BEFORE THE Internet, people called you on the phone to wish you a happy birthday. They may also have sent a birthday card in the regular, old-fashioned mail. You might get three or four cards a day for a few days before and after your birthday, and even a couple of presents from friends who lived far away. It was fun—a lot more fun than the “Happy Birthday!” messages that show up on Facebook after people who couldn’t care less clicked a reminder button that sent the message automatically.
Before cell phones, you had to be home to get a phone call. And if you were out and wanted to call someone, you had to find a pay phone. You couldn’t talk on the phone in an elevator or a grocery store, or on an airplane or train or bus, or in the waiting room at the doctor’s, making everyone around you hate your guts and hope your head explodes.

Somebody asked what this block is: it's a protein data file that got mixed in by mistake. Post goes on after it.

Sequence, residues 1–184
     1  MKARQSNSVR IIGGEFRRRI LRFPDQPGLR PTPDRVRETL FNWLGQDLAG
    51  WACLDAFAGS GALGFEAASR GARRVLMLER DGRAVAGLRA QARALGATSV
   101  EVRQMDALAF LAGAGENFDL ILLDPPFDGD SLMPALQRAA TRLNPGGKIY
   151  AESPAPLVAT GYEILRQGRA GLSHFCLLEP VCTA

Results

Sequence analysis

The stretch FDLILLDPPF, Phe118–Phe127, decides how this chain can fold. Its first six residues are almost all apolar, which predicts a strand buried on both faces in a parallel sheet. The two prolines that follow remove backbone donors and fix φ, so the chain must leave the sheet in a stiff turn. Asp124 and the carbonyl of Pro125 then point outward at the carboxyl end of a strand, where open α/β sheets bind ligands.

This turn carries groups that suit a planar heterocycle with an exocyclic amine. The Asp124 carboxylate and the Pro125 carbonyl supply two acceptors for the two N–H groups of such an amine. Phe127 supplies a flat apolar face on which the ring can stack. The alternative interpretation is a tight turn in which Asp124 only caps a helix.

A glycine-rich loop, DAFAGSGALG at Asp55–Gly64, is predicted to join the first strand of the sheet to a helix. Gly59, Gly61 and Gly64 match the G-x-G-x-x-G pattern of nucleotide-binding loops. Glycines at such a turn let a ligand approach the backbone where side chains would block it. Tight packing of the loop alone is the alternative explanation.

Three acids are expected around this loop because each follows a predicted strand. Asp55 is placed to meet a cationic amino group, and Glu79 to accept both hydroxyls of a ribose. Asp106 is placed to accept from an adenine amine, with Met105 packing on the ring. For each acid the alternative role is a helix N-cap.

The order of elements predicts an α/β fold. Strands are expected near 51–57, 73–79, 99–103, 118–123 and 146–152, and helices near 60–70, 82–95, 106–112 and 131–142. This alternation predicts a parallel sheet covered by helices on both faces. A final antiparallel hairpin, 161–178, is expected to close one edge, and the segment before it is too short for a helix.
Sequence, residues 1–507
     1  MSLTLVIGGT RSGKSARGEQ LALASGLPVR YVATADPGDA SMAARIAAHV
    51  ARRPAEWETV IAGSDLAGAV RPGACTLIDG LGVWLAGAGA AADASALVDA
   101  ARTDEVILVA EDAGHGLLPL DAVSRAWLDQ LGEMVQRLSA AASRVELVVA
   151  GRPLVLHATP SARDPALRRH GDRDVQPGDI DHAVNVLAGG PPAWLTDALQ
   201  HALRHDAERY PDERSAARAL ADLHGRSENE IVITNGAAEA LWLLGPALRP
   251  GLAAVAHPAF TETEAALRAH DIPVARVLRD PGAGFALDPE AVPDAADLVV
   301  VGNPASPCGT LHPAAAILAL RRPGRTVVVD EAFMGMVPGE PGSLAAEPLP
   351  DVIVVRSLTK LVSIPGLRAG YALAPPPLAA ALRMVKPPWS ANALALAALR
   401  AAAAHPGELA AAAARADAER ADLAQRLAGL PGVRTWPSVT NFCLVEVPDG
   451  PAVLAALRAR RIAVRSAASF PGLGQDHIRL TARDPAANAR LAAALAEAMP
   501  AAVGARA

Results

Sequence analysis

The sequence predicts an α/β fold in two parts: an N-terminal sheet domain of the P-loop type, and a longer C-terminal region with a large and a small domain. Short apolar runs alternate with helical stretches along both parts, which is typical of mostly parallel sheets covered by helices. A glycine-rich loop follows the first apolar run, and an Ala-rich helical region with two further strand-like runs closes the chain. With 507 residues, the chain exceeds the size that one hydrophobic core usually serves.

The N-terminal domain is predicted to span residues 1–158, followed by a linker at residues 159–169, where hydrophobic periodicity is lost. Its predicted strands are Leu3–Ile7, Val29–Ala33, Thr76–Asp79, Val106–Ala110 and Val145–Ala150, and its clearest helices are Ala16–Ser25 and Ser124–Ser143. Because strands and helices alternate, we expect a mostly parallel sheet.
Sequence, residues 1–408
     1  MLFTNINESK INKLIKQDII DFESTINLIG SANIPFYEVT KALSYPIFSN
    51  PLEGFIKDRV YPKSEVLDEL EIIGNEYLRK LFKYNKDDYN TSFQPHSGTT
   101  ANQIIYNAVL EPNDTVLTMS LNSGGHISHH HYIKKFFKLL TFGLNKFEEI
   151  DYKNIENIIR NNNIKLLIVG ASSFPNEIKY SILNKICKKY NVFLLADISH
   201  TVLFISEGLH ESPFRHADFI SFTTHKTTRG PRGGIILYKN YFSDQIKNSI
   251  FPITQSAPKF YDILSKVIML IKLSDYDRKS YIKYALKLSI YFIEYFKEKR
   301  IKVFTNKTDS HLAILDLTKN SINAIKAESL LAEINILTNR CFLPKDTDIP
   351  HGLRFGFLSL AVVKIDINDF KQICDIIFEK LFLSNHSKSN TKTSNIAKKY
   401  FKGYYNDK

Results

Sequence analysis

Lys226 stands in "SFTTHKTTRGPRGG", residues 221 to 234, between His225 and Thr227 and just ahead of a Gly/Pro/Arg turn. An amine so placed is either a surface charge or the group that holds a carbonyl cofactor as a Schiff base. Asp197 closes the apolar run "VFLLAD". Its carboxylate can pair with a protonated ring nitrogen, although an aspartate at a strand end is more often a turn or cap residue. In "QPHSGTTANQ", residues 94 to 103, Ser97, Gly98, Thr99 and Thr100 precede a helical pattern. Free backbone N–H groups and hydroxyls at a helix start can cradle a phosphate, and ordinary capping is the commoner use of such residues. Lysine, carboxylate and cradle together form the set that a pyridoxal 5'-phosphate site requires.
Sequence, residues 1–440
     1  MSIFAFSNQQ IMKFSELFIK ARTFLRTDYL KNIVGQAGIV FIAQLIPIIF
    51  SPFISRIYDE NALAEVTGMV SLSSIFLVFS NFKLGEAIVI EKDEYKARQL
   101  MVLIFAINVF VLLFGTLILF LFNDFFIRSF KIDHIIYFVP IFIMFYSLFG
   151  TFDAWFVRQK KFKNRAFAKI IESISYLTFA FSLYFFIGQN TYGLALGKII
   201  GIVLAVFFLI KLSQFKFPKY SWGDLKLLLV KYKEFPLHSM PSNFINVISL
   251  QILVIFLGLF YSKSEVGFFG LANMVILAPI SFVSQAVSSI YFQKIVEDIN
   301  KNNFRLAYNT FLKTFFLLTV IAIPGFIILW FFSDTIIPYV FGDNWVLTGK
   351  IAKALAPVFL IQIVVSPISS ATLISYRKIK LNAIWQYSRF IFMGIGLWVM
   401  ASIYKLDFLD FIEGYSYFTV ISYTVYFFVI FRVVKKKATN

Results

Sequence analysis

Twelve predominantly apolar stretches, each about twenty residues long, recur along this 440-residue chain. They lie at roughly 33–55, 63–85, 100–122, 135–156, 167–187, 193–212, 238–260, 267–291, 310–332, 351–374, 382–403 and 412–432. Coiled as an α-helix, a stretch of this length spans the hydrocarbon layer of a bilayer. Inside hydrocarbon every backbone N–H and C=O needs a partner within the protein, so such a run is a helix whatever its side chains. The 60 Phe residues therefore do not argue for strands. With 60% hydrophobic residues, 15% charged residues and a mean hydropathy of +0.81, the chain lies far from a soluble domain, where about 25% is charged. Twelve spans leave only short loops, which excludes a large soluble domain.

Before Facebook, you kind of sort of knew that there were loony tunes and hideously mean people out there in the world, but you didn’t have to interact with them on a daily basis unless they were family members, and even then not if you could help it.
Before Google, everyone you ever met or might meet or who might hire you wouldn’t know all your past mistakes. You could maintain a shred of dignity, living without fear that nude photos of you taken by a jilted boyfriend 20 years ago when you had one drink too many would suddenly be everywhere. And you never had to know who was gay and who wasn’t, thus allowing you to dream about Montgomery Clift all you wanted, believing if only you could meet him you might have a chance.
Before Google Earth, lunatics couldn’t find out exactly where you live and come to your front door with a shotgun, or even a box of chocolates, uninvited.
Andrea Rouda blogs at The Daily Droid.